Figure 1.Flow chart of slightly off-axis interferometric fringe demodulation based on VHQPI.

To recover the phase information of the object, the uVID-filtered noise-free zero-mean-valued interferogram is then analyzed using the HST algorithm^{36}, as shown in Step 2 of Fig. 1. The HST is the two-dimensional variant of the Hilbert transform (HT), in which the complex analytic signal can be constructed, whereas several requirements must be fulfilled. First, the processed interferogram must be of zero mean value, which is satisfied based on background term removal using the uVID approach. And the amplitude term ($b$ in Eq. (1)) has to be a slowly varying function. This is the so-called Bedrosian theorem which can be applied to general pure-phase objects at relatively low carrier frequencies^{55}. The complex analytic signal constructed by HST can be expressed as

where,$AFP$ denotes the analytic fringe pattern and$SPF$ is the spiral phase function;$F$ and${F}^{-1}$ denote Fourier transform (FT) and inverse Fourier transform (IFT) operator respectively. It is important to emphasize that carrier-free single-shot interferogram analysis is a fully 2D phase demodulation problem, whereas carrier-based FT phase demodulation is a 1D simplification of the HT analytic relation. The HST, therefore, requires the local fringe direction map ($\beta $, modulo$2\pi $)^{56}. The modulus value and angle of the 2D complex analytic signal constitute the intensity and phase in QPI, respectively.$SPF$ is defined as

where$(u\mathrm{,}v)$ is the coordinate of$(x\mathrm{,}y)$ corresponding to the SFD.$\varphi (x\mathrm{,}y)$ is the polar coordinate phase expression. Figure 1 specifically showcases the schematic diagram of the VHQPI-based low-carrier interferogram quantitative phase demodulation algorithm.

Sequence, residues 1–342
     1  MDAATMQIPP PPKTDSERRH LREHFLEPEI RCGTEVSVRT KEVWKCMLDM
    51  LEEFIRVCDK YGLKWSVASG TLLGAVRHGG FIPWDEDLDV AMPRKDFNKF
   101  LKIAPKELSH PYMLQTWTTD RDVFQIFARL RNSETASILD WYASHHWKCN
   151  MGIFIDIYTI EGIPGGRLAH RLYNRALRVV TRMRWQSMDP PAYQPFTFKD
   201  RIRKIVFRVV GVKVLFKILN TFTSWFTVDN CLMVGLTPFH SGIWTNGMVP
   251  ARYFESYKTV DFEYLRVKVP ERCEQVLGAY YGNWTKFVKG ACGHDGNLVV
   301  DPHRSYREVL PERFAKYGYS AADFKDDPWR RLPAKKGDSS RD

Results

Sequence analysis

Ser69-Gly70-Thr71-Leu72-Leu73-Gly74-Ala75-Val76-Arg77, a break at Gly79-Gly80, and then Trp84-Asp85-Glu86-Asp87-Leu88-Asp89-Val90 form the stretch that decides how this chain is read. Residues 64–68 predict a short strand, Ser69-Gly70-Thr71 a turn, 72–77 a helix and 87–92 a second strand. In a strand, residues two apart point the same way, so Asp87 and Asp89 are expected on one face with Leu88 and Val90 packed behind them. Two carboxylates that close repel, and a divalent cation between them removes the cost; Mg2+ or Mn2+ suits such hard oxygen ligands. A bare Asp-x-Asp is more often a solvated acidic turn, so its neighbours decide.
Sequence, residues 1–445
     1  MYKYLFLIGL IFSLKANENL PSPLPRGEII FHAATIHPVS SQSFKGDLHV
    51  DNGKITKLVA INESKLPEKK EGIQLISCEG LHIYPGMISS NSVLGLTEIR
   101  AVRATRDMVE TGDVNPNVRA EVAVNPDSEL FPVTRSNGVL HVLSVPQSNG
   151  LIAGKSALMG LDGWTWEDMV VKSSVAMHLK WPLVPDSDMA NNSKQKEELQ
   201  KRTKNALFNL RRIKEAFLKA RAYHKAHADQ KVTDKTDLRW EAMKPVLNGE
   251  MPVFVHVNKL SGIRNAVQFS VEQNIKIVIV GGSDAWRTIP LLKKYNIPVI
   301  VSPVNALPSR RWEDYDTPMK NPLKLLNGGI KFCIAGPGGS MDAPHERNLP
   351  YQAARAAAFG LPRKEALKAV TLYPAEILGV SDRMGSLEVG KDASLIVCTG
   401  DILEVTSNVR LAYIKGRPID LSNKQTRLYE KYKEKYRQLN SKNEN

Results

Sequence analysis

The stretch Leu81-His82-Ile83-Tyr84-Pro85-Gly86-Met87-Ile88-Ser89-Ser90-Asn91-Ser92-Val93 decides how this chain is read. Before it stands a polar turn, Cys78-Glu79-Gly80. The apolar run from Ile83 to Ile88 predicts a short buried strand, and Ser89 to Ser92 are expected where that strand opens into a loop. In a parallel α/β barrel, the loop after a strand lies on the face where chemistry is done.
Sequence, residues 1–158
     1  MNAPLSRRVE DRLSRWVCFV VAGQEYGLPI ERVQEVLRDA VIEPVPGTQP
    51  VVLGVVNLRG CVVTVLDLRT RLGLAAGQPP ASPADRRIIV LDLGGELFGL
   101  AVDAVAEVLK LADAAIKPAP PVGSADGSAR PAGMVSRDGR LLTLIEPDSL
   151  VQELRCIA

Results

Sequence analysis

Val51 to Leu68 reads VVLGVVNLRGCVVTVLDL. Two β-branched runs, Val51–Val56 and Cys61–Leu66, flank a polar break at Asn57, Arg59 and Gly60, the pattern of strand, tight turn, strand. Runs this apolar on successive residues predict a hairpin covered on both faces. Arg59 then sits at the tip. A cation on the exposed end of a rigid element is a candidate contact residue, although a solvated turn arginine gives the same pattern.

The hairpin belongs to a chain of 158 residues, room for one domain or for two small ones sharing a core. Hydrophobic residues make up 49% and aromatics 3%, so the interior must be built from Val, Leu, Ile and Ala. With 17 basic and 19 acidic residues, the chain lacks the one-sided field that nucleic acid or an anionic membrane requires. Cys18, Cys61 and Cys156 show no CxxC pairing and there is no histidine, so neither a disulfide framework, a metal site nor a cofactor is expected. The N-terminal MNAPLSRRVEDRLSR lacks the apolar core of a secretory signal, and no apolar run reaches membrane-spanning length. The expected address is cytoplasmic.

Deep learning assisted VHQPI model

VHQPI has been proven to have excellent robustness and practicality in low-carrier frequency fringe demodulation issue though^{34}. However, the algorithm-inherent iterative instability and parameter robustness restrict the image frequency component extraction capability, which will cause the non-perfect background term removal. DL methods driven by massive datasets provide a new route to address this problem by virtue of their high-powerful image feature extraction characteristics. Whereas, when encountering insufficient training data, which is very common, the DL method based on massive datasets may have a poor effect. A feasible scheme is to train the DNN on a stronger-constrained available standardized dataset^{57}. Here, we employ Shannon entropy theory of the images in the dataset for that purpose: the lower the entropy of the datasets is, the more constrained prior information is, giving it a better same-domain generalization ability^{58, 59}. Therefore, in the proposed DL-assisted VHQPI model, the uVID is utilized to extract the image background term as the physical prior of the network to reduce the dataset's entropy. The first convolutional neural network (CNN1) is used to “learn” the residual terms and assists the physical model to complete the preliminary estimation of the background components of the fringes. Furthermore, to further improve the imaging accuracy, the original hologram and the preliminary estimation background are re-fed into the model (CNN2) for advanced component extraction. Dual-channel input is used because the preliminarily estimated background terms have been very close to the ground truth after the first residual compensation by CNN1. Hence, the preliminary estimated background can be used to provide the network with feature guidance and helps CNN2 achieve the advanced component extraction.

As depicted in Fig. 2, with the original hologram as input, CNN1 completes the preliminary background component extraction by compensating for the residual (${\u03f5}_{1}$) of the background component acquired by uVID, as shown in Fig. 2(b). With the preliminary estimated background term and the original hologram, the CNN2 (as shown in Fig. 2(c)) uses the two as dual-channel inputs to implement the more advanced background residual (${\u03f5}_{2}$) compensation. After the high-accuracy fringes terms extraction, the complete complex analytic signal can be constructed by HST. And then the final phase results are recovered by calculating the angle of the 2D complex analytic signal. The whole method flow chart is shown in Fig. 2(a).